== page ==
Pasko was convicted of treason in December 2001, based on the charge that he intended to leak classified information to Japanese news outlets about the Russian Pacific Fleet's dumping of nuclear waste in the Sea of Japan. Pasko was sentenced to four years in prison and is currently serving his jail term in Vladivostok.
Decree No. 010, a relic from the Soviet period, prohibited "nonprofessional" contacts between Russian military personnel and foreign citizens. The Military Collegium annulled the decree in response to a complaint filed by Pasko's defense lawyers, who disputed its legality.
Yesterday, the Military Collegium annulled Ministry of Defense Decree No. 055, a secret order that listed various types of military information considered state secrets and was also used to convict and imprison Pasko. [See February 12 alert.]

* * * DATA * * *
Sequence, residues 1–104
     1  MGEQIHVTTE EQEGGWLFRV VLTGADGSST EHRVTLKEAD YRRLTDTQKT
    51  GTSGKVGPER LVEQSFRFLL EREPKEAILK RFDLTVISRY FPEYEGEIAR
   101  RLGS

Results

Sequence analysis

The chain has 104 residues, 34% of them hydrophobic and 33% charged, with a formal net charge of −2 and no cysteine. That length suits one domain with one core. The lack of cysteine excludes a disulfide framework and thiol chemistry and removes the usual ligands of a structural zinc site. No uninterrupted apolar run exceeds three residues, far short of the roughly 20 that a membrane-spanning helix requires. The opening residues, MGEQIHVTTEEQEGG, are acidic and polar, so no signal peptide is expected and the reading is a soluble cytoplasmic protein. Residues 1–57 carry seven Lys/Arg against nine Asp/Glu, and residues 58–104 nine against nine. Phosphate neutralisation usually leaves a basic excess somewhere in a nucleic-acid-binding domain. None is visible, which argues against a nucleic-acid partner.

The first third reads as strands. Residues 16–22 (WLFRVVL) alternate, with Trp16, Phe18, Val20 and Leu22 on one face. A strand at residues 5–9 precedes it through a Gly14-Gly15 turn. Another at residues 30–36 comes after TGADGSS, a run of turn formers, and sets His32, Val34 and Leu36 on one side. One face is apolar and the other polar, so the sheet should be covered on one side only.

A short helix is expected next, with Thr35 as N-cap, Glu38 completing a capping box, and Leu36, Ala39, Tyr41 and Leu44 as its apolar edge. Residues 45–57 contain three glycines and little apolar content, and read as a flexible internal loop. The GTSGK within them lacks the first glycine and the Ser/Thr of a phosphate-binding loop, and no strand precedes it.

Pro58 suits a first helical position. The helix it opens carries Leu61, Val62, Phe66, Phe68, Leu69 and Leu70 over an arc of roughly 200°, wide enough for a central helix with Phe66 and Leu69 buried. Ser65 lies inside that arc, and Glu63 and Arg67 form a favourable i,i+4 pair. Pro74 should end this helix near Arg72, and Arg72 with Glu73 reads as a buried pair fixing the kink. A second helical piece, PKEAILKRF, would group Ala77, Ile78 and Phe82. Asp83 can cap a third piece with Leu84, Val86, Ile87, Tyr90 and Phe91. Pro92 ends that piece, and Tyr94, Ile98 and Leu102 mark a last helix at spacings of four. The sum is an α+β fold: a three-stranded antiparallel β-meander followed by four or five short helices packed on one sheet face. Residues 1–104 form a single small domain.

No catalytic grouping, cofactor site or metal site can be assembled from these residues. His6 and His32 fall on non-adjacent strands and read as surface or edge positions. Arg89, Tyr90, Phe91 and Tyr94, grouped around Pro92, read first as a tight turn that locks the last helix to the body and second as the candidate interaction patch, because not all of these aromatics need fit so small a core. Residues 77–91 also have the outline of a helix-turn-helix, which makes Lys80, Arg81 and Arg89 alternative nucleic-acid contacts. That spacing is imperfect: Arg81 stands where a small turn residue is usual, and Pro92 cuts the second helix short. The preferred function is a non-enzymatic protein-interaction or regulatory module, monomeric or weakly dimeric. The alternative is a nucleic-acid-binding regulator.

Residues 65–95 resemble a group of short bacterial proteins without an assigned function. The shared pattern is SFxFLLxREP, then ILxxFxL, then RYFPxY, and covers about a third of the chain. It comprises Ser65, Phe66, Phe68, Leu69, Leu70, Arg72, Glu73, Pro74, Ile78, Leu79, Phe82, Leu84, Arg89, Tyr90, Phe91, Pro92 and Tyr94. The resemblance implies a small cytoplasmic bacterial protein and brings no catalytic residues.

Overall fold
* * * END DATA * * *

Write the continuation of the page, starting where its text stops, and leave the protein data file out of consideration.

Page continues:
"Today's decision further undermines the prosecution's case against Grigory Pasko," said CPJ executive director Ann Cooper. "Pasko never should have been prosecuted in the first place, and the Military Collegium should acquit him."
On December 25, 2001, the Military Court of the Pacific Fleet in Vladivostok found Pasko guilty of treason and sentenced him to four years in prison. The journalist was taken into custody in the courtroom and placed in detention, where he remains today.
Pasko, an investigative reporter with Boyevaya Vakhta (Battle Watch), a newspaper published by the Pacific Fleet, was arrested in November 1997 and charged with passing classified documents to Japanese news outlets. He spent 20 months in prison awaiting trial.
In July 1999, Pasko was acquitted of treason but found guilty of abusing his authority as an officer. He was immediately amnestied, but four months later the Military Collegium of the Russian Supreme Court canceled the Vladivostok court's verdict and ordered a new trial. That trial began on July 11, 2001.